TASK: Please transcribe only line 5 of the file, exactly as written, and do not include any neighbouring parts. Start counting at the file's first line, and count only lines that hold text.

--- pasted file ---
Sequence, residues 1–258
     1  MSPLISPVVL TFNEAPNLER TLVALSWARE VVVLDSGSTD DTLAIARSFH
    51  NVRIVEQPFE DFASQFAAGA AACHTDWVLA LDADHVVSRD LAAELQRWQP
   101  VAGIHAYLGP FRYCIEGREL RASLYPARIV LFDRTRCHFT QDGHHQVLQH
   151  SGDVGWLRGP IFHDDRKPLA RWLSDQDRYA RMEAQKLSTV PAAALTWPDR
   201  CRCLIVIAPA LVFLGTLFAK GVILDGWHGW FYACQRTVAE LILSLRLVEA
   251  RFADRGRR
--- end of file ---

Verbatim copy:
   151  SGDVGWLRGP IFHDDRKPLA RWLSDQDRYA RMEAQKLSTV PAAALTWPDR